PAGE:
7. Say bye-bye to junk mail here and save our forests.
6. Pat yourself on the back this week for being a part of this email (or reading this far down the list in this case) and doing your bits to make our world better.
5. When ordering take-out or getting food delivered, request no napkins or plastic utensils, unless you really need them.
4. When traveling, turn off your a/c when you check out of your hotel room.
3. Send potted flowers. Cut flowers dispose quickly. A greener option is to send potted flowers because they last longer, improve indoor air quality and can be self-watering.
2. Eat one less meat meal this week. Animal farming consumes tons of energy and water, is a growing source of pollution and leads to land degradation. Eat some sushi or a veggie burger.
1. Use a front loading washing machine when doing laundry. It uses way less water than a top load.

Even if you only incorporate 5 of these 25 suggestions into your life, you are starting to make environmentally-friendly changes/choices. Little things matter, especially when large amounts of people do them. Pass it on. Thanks Kim.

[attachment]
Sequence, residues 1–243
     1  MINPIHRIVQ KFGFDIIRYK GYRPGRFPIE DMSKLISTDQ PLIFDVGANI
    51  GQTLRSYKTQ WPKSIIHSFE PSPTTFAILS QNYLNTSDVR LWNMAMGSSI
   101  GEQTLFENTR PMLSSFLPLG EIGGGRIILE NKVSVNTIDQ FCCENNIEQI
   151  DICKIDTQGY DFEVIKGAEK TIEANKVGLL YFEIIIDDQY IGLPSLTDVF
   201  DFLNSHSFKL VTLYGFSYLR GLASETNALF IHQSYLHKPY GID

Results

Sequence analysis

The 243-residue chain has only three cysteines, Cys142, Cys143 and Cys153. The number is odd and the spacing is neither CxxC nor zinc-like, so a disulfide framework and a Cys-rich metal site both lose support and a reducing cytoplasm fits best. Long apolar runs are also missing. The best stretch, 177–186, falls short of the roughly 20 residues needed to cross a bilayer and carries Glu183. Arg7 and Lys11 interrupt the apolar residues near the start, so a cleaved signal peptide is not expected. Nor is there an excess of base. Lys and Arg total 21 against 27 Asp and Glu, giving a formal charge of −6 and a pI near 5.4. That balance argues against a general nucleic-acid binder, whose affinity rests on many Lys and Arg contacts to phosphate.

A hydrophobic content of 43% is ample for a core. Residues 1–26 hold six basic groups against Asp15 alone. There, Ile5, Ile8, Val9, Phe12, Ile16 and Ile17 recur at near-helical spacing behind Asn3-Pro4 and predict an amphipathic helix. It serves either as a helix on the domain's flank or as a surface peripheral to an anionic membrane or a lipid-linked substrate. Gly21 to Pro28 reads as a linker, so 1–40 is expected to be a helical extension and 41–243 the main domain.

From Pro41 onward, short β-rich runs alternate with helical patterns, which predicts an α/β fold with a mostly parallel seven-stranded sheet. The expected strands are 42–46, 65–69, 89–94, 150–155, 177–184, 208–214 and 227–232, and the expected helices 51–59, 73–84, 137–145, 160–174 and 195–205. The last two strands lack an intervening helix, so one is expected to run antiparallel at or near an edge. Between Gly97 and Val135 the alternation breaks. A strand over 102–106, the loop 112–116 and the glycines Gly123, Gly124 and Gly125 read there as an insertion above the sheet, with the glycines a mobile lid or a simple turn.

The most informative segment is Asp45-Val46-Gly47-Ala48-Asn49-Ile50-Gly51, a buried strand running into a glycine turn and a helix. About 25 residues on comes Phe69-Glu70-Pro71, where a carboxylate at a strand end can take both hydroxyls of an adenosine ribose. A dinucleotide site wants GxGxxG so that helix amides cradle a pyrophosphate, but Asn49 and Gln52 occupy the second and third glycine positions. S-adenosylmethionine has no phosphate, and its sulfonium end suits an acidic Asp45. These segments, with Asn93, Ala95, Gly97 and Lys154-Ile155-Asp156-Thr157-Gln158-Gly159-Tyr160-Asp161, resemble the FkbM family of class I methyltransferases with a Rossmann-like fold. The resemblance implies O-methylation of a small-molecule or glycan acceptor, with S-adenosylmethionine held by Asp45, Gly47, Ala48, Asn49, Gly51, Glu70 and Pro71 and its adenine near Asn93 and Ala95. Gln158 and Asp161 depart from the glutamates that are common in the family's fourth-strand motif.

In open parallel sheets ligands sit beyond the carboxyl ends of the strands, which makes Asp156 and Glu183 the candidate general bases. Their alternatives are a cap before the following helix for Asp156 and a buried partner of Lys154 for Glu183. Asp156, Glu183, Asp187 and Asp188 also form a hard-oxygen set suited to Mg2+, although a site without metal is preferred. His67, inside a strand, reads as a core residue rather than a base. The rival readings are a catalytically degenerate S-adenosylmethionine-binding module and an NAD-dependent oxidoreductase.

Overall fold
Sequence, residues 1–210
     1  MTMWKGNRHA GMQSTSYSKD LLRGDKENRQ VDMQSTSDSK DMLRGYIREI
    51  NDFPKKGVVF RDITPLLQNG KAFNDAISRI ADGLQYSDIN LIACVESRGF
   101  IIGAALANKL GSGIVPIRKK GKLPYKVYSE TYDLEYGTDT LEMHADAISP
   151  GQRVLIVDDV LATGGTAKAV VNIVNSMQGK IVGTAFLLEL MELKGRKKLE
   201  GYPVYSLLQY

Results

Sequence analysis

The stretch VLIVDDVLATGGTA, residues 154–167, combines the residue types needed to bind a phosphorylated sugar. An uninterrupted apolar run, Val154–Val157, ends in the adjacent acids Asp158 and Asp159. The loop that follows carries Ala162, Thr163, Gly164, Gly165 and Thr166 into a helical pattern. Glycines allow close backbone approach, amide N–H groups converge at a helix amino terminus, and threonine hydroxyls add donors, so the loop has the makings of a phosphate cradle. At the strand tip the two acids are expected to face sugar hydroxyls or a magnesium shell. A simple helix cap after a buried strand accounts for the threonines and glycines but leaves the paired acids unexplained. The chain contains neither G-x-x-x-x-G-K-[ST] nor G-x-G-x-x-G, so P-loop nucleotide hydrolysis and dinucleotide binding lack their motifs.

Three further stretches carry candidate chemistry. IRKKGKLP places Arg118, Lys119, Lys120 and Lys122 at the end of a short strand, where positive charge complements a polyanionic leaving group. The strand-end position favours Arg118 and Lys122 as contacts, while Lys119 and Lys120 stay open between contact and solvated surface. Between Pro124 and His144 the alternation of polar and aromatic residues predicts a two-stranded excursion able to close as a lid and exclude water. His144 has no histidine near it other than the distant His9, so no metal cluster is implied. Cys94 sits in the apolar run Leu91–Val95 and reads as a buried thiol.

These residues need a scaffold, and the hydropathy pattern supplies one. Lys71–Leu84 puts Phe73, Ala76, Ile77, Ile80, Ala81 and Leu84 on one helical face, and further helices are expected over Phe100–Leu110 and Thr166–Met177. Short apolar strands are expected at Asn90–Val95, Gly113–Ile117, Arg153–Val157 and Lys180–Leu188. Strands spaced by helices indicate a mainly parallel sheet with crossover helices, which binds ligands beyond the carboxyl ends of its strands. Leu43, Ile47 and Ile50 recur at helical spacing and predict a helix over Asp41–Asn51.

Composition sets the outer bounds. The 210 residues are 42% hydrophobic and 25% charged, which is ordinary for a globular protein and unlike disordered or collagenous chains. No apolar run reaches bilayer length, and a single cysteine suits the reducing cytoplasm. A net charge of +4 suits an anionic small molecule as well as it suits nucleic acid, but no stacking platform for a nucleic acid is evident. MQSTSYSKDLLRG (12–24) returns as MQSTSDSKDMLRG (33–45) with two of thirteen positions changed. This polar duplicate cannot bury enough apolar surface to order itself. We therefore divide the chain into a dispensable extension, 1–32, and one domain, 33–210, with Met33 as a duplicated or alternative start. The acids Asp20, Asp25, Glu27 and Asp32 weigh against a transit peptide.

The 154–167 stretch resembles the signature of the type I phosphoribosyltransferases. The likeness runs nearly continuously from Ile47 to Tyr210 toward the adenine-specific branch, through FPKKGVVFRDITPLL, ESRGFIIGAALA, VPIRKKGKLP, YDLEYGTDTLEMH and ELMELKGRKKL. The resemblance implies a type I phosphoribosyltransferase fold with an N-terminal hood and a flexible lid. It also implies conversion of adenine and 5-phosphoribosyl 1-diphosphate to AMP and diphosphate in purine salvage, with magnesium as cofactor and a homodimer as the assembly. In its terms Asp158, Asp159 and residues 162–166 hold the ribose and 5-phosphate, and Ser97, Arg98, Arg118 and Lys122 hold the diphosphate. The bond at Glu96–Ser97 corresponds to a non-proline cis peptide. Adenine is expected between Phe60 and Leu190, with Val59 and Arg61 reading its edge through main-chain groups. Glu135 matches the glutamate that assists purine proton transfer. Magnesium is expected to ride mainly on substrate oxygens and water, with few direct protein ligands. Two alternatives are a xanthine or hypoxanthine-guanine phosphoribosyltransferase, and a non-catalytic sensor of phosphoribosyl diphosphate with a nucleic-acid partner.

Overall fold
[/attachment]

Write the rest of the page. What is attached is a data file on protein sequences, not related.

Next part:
Sunday, October 14, 2007

Design Based On Insight

As I sit on my couch multi-tasking (watching World Series of Poker, writing a brief, eating dinner, and making my way through my feeds), something clicks (pun intended). My coffee table is pretty bare (with feng shui in mind but mostly for aesthetic purpose). I've got a candle and a couple books and magazines that make me look interesting and well-rounded. Oh yeah, and my Time Warner Cable remote. Necessary ugly. ("Uglies" for the many people who don't have the universal remote and are still working with one TV remote for the power ON and OFF, one for the channels, a remote for the stereo, another for the DVD player, and who knows what else.) Necessary ugly - or so I thought.

I came across this link from Russell Davies' delicious feeds. The choose to use design to solve the problem of remotes getting lost. So they made a remote that's really fragile, so you won't toss it around/you'll take better care of it and thus not lose it. The brief could easily have been: Remotes ruin the living room look.